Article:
Vermont Gov. James Douglas has vetoed a bill that would have made seed manufacturers liable for damages caused by genetically engineered seeds that drift into the fields of farms that do not want to use them.
Douglas said the measure was unnecessary and divisive and would have caused manufacturers to raise prices or restrict the seed sales in Vermont.
“It is with regret that I veto this bill,” Douglas said. “I greatly respect how passionate the arguments are around the issue of genetically engineered crops and the work of the Legislature in attempting a compromise. However, S.18 fails to find a middle ground between the competing interests, but instead dives into new legal territory that may only promote needless litigation that pits farmer against farmer and neighbor against neighbor.”
The applause from the crowd of largely conventional dairy farmers showed how passionate the debate had become. Some farmers and consumers are opposed to the use of seeds that can be scientifically altered to resist pests or disease. Others say the seeds are needed to control pests and keep food affordable.
“What irritated me the most was the organic and conventional farmer were split. We’d always gotten along before,” said Bernard Dubois who owns a 1,000-cow farm in Addison.
“With the obstacles that we face we certainly don’t need to have our feed taken away from us or sold to us at an elevated price,” said Bill Rowell, a dairy farmer in Sheldon.
Margaret Laggis, a lobbyist for the biotechnology industry, which opposed the bill, said her clients had not determined if they would change their seed sales if the bill had passed.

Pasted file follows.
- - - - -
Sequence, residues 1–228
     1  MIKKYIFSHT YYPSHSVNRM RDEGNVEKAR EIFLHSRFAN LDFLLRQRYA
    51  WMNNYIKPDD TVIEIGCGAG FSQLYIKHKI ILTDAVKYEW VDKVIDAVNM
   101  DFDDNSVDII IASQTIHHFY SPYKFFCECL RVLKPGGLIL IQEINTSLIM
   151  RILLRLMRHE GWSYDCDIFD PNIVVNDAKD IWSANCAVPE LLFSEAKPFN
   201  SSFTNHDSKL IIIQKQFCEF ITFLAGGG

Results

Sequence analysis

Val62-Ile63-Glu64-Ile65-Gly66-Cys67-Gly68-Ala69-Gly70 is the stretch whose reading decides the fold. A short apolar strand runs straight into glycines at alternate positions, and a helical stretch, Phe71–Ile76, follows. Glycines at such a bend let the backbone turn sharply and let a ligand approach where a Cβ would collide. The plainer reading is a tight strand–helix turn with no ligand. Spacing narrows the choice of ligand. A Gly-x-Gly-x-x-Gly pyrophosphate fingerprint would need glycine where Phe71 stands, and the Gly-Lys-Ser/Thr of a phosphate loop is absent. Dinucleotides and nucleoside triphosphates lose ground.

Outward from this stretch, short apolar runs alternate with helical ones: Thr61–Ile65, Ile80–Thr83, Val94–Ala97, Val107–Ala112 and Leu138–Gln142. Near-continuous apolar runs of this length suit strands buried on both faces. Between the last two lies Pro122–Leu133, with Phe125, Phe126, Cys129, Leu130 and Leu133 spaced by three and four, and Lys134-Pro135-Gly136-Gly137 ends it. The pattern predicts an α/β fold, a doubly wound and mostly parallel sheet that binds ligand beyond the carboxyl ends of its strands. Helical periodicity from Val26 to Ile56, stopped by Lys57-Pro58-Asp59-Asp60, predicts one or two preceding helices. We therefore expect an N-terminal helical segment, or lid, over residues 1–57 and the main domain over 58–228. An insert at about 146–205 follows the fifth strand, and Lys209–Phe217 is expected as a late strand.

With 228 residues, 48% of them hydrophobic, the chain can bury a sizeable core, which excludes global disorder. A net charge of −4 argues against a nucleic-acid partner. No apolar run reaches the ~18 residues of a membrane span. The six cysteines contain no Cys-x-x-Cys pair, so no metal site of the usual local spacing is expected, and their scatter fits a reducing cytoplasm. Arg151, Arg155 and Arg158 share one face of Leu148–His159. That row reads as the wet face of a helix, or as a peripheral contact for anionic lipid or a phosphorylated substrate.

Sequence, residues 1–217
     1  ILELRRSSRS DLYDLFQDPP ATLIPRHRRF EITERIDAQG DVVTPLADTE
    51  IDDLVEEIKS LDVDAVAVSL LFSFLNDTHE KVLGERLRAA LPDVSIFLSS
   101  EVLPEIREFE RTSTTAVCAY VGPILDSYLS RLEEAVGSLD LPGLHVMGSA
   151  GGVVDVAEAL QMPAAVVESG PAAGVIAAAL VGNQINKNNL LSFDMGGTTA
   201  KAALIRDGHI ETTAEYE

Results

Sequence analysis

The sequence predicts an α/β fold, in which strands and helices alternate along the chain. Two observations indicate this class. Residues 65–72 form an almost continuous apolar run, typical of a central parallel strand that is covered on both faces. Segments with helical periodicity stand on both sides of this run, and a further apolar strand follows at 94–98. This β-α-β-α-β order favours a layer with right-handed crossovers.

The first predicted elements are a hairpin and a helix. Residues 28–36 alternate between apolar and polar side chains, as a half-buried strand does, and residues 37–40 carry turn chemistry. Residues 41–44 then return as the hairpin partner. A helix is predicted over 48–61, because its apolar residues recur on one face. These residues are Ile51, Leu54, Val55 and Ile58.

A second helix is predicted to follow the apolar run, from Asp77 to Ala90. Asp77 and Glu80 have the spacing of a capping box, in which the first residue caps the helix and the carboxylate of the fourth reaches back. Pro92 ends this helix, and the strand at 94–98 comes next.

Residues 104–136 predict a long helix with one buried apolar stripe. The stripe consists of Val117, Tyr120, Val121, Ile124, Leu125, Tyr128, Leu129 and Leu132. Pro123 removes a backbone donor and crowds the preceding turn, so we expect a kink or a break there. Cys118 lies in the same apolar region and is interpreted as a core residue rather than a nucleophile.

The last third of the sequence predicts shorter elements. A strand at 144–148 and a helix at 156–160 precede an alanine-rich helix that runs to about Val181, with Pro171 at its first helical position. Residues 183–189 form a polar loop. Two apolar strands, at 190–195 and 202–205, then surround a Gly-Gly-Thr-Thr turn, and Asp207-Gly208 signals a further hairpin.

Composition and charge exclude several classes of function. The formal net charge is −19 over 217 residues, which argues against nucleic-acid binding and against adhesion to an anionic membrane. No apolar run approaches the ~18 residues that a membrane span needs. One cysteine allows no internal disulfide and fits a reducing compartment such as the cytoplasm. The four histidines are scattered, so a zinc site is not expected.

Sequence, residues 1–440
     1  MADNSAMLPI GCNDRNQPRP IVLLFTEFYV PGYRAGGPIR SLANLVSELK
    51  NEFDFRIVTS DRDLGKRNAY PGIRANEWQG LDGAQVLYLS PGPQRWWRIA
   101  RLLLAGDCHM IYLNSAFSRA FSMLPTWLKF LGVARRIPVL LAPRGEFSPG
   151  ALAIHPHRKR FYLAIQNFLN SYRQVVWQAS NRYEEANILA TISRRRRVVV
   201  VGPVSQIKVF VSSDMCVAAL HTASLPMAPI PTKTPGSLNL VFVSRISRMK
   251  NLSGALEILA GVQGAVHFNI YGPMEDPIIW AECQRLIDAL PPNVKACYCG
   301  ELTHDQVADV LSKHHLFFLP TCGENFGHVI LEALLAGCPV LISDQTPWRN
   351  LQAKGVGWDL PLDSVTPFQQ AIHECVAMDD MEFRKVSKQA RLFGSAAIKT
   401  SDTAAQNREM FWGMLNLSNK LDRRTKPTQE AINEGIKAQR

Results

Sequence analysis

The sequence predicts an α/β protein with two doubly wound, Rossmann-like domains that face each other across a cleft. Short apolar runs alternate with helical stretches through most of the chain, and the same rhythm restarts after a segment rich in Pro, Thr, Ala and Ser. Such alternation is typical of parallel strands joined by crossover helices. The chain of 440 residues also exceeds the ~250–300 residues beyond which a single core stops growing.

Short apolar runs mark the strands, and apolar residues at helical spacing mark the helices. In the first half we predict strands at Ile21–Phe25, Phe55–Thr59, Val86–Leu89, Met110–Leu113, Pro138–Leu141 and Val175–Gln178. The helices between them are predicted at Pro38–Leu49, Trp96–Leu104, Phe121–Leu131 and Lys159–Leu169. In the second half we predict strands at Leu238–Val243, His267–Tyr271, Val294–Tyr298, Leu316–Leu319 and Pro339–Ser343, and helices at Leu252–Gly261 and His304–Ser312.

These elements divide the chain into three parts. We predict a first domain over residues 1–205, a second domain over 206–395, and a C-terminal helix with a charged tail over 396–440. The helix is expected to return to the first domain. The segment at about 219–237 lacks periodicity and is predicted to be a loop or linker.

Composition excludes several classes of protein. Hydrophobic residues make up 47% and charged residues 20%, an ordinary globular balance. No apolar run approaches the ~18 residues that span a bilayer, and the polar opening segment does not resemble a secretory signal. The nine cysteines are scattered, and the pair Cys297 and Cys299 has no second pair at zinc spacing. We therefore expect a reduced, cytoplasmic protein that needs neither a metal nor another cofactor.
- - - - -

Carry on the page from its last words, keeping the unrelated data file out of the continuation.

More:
“All the companies were really looking at the issue of selling in that climate,” she said.
Douglas said the discussion about the use of genetically engineered seeds in Vermont would continue. He said he’d asked the agriculture secretary to bring together conventional and organic farmers to try to resolve the issues related to the seeds’ use.
“I look forward to working with the farming community in continuing this discussion,” he said.
Down the road following the veto, supporters of the bill gathered for their own press event and accused the administration of bowing to pressure from manufacturers.
“Gov. Douglas has chosen hypocrisy over democracy in siding with the chemical giants and not listening to the farmers,” said Rep. Dexter Randall, P-Troy, the primary sponsor of the bill and a dairy farmer.
“This is a huge insult for the farm community of Vermont, only widening the gap between conventional and organic farmers,” Randall said.
Advocates said they would continue to push for farmer protection from contamination from genetically engineered seeds.
“Go home and keep doing our work and keep talking about it and hopefully things are going to change,” Jack Lazor, of Butterworks Farm of Westfield, told fellow farmers.
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